The English National Team captain talks about the opportunities for younger players participating in the XPL.
What’s polo for you?
It’s a massive part of my life. It’s almost the only skill I have. I wanted to be a polo player, so I didn’t go to university. I took a gamble, and luckily it paid off. So, I’m proud of that. The main attraction for me were always the horses. I like working with young ones, trying to improve them. It’s a big aspect of the sport. On top of that, it’s a very team-oriented sport, it’s fast, it’s dangerous, it’s got adrenaline. All of these factors made it a great fit for me. I live and breathe the sport all day. I’m sure the rest of the guys will tell you the same. It’s a way of life.
You’re England’s National Team Captain, and you’ll be playing against Argentina in the Coronation Cup. What’s your role as Captain?
Well, I’ve been in the team for 12 or 13 years, and this is the 5th time I’ll be Captain. Since I was young I’ve always wanted to play for England, it was always my goal when I started. It’s been a long time, I’m probably getting to the end of it, with my age, but I’m very proud of the work I’ve done. This year we play against Argentina, it could be a rough year. They got Facundo, two guys that will probably be 10 goalers in the future, Alfonsito Pieres who’s great at his handicap. We need to be very prepared and have a good day to get close to them. It’s a great challenge for us.
Who’d be the best player you played alongside, and who was the toughest opponent?
Facundo and Adolfo have been the 1 and 2 for a long time, everyone will tell you that. I played with Facundo when he was only 2 goals, maybe 14 years old, and you already knew he was going to be something different. Both of them have been a step above everyone. Playing against them is always very, very tough. You need to be at your very best to even have a chance to compete with them.
How would you explain what the horse means to a player?
For me, the horse is 90% of the game. If you don’t know your horse well, you’re not going to compete with top guys. I have 12 here, and I like to believe it’s like managing a football team. You have to check on their exercise, on their diet, if they are sore or have any injuries. You have to ride them, have a good connection so you know where they are at. Every one of them is different, so you have to adjust when you’re on the field. Some turn better, others ride faster. Each horse has its own attributes, and you need to know what you can do with each of them. As you get more experience, these things come more naturally and you don’t have to think much about them.
What do you think about the XPL’s proposal?
I’m very excited about it. Obviously, it’s an idea that’s been around polo for 10-15 years. A few guys have tried to get it off the ground, but it’s got some good momentum right now. I think we all agree this is the way that polo needs to go to get into an era of more professionalism. To have a platform to showcase the sport, and have franchises, like other sports have. I’m going to try to support it as best I can, playing in the events. Us english players have to make some sacrifices to play in Argentina, but we are more than happy to get behind it.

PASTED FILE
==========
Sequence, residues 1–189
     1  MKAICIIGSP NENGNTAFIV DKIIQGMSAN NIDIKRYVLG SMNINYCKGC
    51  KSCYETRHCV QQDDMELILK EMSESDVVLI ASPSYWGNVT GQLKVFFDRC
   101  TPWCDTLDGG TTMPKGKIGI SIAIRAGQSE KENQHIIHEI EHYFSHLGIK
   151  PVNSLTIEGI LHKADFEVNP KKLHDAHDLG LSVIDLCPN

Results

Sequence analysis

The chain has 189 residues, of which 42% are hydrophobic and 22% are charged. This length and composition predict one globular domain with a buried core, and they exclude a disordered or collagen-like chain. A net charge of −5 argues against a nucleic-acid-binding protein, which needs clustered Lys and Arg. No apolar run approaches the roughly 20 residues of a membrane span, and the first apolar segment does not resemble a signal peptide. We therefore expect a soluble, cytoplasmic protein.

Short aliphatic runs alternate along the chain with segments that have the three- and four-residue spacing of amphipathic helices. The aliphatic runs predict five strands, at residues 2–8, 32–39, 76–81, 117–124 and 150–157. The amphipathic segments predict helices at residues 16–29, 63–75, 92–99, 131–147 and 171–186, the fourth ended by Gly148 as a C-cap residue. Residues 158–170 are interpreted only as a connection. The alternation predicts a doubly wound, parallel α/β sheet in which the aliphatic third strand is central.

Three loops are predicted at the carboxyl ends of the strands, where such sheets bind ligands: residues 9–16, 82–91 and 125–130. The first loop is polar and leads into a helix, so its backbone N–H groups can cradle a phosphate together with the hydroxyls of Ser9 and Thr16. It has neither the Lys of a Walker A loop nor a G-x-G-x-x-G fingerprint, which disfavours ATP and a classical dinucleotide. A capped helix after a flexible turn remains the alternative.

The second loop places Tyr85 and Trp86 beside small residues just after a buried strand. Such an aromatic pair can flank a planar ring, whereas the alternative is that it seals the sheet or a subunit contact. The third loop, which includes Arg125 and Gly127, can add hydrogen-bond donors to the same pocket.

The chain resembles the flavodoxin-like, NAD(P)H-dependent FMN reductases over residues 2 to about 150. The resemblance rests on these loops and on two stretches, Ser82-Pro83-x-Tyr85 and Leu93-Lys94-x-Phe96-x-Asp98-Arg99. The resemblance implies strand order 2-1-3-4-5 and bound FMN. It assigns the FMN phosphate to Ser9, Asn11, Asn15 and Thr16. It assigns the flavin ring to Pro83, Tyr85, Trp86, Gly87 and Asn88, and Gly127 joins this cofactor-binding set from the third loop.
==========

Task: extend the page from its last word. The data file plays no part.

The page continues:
I played the first exhibition game for the League about a month ago, which was about 35 goals. It was a very high level of polo, and the few rule changes took us a bit to adapt but it was very interesting. If I can be a part of it and help in any way, it’s something that I’d love to do.
What do you think about the new rules?
I think that we need to make them easier to follow for the general public. Less technical and less downtime between plays will make for a better spectacle. Even adopting rules like the 3-point line from basketball will change the way we play the sport, they are very interesting ideas.
What do you think about the schedule?
I think that having an international circuit that’s moving through different spots makes it much more attractive to international sponsors. It’s actually something that can have a lot of legs and you can get people behind it. It needs to be diverse too. Having a professional world-wide league is a huge step for polo.
What do you think about the changes to the handicap rules?
WIthout the 28-34 handicap limit enforced by the XPL, guys with 5-6 goals wouldn’t have access to this level of polo. It’s probably going to help a lot in their development and their growth in the sport, being exposed to that level. It’s going to need a lot of support from the 10-goalers too, to help in their development.
How do you think the new ways of broadcasting of the XPL will affect the sport?
To have a coverage of our sport tailored for people that have never seen it before is vital for polo. With more viewers, we can attract more sponsors.
Do you think that younger audiences can be interested in a game like polo?
Definitely. I think it’s an incredible sport. Once you start watching it, you realize how interesting it can be. For many years, especially in England, it’s been perceived as elitist. But actually, when you come and you get involved, you realize it’s not like that at all. When you meet the guys that work in this sport, you see how cool it really is.
Who do you look up to in sports?
Definitely Federer. His calmness, his class. He’s never flustered, he’s the ice-man. I watch him and admire him a lot.
What would be your dream team?
I’d love to play the 1; I’d have Facundo* and Adolfo, and probably Nero at the back. I’d make them block for me so that I can have the ball (laughs).
Facundo Pieres will be playing for Ellerstina in the XPL.